Symbolic Hate: Intention to Intimidate, Political Ideology, and Group Association

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Abstract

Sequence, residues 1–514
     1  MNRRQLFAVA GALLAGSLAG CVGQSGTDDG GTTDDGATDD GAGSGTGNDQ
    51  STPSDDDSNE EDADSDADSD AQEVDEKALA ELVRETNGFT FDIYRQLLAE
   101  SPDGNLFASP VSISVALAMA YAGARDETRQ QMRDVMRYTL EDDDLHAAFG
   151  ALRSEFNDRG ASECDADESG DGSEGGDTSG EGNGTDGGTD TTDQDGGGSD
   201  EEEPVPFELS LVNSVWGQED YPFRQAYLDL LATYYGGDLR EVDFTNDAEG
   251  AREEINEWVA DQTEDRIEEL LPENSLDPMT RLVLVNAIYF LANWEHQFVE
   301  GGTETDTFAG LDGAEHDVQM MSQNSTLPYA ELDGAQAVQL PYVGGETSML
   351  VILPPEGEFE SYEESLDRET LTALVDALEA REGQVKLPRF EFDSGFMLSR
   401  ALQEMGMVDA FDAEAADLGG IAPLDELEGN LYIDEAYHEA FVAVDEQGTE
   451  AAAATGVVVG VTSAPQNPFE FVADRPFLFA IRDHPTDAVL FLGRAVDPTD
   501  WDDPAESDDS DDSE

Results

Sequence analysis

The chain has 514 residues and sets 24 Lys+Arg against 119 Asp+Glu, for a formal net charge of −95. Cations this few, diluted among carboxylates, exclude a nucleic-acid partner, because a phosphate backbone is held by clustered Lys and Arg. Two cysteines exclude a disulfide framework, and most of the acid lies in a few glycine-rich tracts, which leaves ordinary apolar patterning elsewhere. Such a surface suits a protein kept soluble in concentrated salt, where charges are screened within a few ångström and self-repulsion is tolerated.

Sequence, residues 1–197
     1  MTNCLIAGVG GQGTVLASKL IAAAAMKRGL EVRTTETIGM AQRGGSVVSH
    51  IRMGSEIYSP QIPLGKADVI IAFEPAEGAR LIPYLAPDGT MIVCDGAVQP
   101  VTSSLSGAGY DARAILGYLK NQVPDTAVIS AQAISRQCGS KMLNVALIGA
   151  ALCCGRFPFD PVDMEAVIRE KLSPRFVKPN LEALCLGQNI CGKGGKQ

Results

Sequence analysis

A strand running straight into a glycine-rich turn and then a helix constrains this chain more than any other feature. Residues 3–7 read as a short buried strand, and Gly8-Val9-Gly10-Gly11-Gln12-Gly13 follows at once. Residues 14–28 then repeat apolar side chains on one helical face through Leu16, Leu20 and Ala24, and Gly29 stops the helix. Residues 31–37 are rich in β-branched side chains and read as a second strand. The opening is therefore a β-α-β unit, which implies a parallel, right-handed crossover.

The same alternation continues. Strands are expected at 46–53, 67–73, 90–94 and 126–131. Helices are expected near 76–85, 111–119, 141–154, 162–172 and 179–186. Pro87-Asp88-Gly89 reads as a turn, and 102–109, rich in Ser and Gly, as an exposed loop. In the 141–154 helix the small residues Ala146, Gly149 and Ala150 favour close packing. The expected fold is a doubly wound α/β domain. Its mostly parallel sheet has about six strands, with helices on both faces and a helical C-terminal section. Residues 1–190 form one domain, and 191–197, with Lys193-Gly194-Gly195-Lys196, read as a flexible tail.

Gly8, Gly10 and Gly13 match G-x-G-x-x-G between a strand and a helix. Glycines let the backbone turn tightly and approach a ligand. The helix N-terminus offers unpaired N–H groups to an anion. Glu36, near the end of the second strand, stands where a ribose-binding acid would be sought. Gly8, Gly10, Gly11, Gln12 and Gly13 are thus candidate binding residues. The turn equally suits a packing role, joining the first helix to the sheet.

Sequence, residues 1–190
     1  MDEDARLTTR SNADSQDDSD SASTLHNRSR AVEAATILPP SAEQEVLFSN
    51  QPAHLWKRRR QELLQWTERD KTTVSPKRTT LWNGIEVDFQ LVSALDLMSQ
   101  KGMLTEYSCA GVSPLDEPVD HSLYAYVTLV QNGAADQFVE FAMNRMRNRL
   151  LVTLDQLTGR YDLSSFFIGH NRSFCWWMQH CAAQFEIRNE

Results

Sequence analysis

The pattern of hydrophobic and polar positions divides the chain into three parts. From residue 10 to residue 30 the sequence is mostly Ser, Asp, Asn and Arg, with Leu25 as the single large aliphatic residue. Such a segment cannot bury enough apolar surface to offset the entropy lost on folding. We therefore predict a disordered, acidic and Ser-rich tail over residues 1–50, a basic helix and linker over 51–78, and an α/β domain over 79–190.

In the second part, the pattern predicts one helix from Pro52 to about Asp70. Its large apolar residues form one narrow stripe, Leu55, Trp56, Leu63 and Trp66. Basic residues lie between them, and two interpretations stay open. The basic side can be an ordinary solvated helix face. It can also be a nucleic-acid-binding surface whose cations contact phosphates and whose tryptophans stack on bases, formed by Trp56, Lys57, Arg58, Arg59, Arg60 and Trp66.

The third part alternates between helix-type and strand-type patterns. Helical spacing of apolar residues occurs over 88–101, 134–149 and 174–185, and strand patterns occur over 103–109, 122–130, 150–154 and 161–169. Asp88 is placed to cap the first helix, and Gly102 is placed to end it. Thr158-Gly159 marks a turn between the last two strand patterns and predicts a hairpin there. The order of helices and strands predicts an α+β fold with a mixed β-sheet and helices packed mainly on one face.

In Virginia v. Black (123 S.Ct. 1536, 2003), the Supreme Court ruled that the First Amendment did not bar statutes that prohibit cross burnings in which defendants acted with intention to intimidate others. Using a variety of symbols including cross burnings, swastikas, confederate flags, and skin fists, the current research tested how mock jurors used alternative actor intentions to judge culpability in symbolic hate speech cases. Only partially validating the Court's assumptions, participants rated guilt certainty highest when they believed the speakers conveyed direct threats, sometimes regardless of whether defendants intended to intimidate others. Further, results showed the level of perceived intimidation only partially mediated the relationship between type of fact pattern and guilt certainty ratings. While alternative intentions did produce different levels of intention to intimidate, path analysis showed that the participants' ratings of the defendant's intention to convey a direct threat influenced guilt certainty ratings in all cases. Perceived intimidation levels predicted culpability in only some of the cases and not for cross burning on private property.

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